For my taste, it is hard to imagine living with less than 8 percent of GDP available for defense and other non-health spending. The nation achieved 8 percent only during a brief period characterized by no war (defense needs low) and an economy at greater than full employment (social safety net needs very low). We could afford 8 percent at Simpson-Bowles revenues of 21 percent and PGDP+0 health spending growth – but not at all easy (point B). Good grief!  How about moving to point C?


[1] Other non-health spending in this context does not include spending on Social Security or interest on the national debt.

[2] Their report uses different data definitions from those in the CBO Long Term Budget Outlook as it shifts the Medicare premium offset from the non-health category to the health category. My model includes an additional adjustment to account for other “health” spending that CBO includes in the defense and other non-health spending category. Items that I shift into the “health spending” category are derived from the National Health Expenditure Accounts and include federal spending on defense health, VA health, public health, and National Institutes of Health. Applying these adjustments to the Simpson-Bowles figure yielded 6.6 percent of GDP going to defense and other non-health in 2021. Since there was a slow downward trend, I extrapolated this to 6.5 percent in 2035.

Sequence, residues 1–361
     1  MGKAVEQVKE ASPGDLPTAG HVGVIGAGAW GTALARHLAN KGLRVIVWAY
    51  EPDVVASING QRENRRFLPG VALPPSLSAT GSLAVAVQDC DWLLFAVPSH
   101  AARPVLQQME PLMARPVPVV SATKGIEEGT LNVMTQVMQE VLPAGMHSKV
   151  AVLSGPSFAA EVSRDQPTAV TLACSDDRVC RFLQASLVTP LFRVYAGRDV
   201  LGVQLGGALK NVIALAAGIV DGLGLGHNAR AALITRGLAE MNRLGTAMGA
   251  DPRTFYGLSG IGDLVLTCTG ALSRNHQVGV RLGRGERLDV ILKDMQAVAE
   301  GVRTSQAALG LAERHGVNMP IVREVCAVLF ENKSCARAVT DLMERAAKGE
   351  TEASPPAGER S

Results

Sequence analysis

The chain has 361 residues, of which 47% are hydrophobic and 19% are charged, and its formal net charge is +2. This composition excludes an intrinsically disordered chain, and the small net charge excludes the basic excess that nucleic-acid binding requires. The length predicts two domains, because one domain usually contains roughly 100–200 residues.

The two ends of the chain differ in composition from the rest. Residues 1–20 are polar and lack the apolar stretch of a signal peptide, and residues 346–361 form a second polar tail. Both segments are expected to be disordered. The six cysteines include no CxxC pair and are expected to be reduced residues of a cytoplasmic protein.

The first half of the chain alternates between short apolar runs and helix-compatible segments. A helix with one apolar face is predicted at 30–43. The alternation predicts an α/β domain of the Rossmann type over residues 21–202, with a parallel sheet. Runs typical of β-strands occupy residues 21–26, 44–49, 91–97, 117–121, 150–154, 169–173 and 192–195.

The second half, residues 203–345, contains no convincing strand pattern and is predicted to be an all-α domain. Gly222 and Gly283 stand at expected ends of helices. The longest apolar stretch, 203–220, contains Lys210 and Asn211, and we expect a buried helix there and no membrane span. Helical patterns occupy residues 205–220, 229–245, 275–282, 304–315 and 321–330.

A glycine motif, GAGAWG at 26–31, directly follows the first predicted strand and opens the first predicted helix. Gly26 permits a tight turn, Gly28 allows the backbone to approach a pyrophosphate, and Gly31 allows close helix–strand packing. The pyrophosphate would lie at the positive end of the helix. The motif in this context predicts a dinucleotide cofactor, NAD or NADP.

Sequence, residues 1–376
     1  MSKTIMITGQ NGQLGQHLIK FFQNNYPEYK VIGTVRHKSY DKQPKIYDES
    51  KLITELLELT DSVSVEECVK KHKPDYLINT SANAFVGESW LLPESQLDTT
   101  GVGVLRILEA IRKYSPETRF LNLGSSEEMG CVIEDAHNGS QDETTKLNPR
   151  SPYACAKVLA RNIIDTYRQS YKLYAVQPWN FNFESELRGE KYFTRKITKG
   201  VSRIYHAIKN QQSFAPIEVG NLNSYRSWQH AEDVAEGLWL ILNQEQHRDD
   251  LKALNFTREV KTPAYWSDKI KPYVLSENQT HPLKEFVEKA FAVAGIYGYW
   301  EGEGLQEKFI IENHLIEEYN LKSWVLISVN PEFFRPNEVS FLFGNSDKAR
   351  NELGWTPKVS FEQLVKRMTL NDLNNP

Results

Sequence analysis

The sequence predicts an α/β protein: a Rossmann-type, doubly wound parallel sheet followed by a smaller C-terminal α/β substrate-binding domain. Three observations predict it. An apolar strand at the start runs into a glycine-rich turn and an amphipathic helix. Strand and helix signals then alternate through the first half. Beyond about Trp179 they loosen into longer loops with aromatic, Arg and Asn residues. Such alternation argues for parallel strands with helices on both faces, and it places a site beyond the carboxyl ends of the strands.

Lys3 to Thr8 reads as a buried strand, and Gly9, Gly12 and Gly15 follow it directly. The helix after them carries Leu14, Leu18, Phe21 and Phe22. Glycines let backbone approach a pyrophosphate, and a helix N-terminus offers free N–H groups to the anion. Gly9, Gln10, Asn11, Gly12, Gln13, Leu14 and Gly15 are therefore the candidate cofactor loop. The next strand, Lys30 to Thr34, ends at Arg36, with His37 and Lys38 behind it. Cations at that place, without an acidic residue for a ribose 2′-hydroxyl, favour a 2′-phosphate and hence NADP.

[3] I am defining the historical high in terms of a three-year moving average, and this was 20 percent of GDP over the 1999-2001 time period.

[4] Over the 1999-2001 period, the average was 7.9 percent. Fiscally speaking, this period was exceptional, with the highest tax revenues and the lowest defense and other non-health spending in history!

[5] GDP+1 is suggested both as a global federal health spending target and as a per-beneficiary target when applied to particular programs. These can be quite different as described here.

[6] More specifically, I require a balanced primary budget plus some partial interest payments which, in this instance, I have specified at 0.5 percent of GDP. The partial interest payment was based upon feedback received at our July 24 Symposium on Sustainable Health Spending.

[7] The growth in PGDP, calculated by the Congressional Budget Office, captures the long-term trend in GDP driven by labor-force growth and trends in labor productivity. See here for why I favor using PGDP.

[8] I use PGDP+1 as the historical minimum because of the volatility of this figure and the effects of the recent recession.

[9] Careful readers will notice that the triangle has slightly shifted from what was shown in my previous blog. That is due primarily to a reduction in the 2035 Social Security spending share of GDP from 6.1 percent to 5.8 percent. It also reflects a revised definition of defense and other non-health spending and some updates to the model used in developing the sustainable health spending estimates.

[10] There is some rounding in the construction of the historical boundaries.

[11] “Triply” painful does not mean “most” painful, of course. It is indicative of a balanced solution where each of the three dimensions shares in the pain. Interestingly, it is health spending that seems to be sharing the least.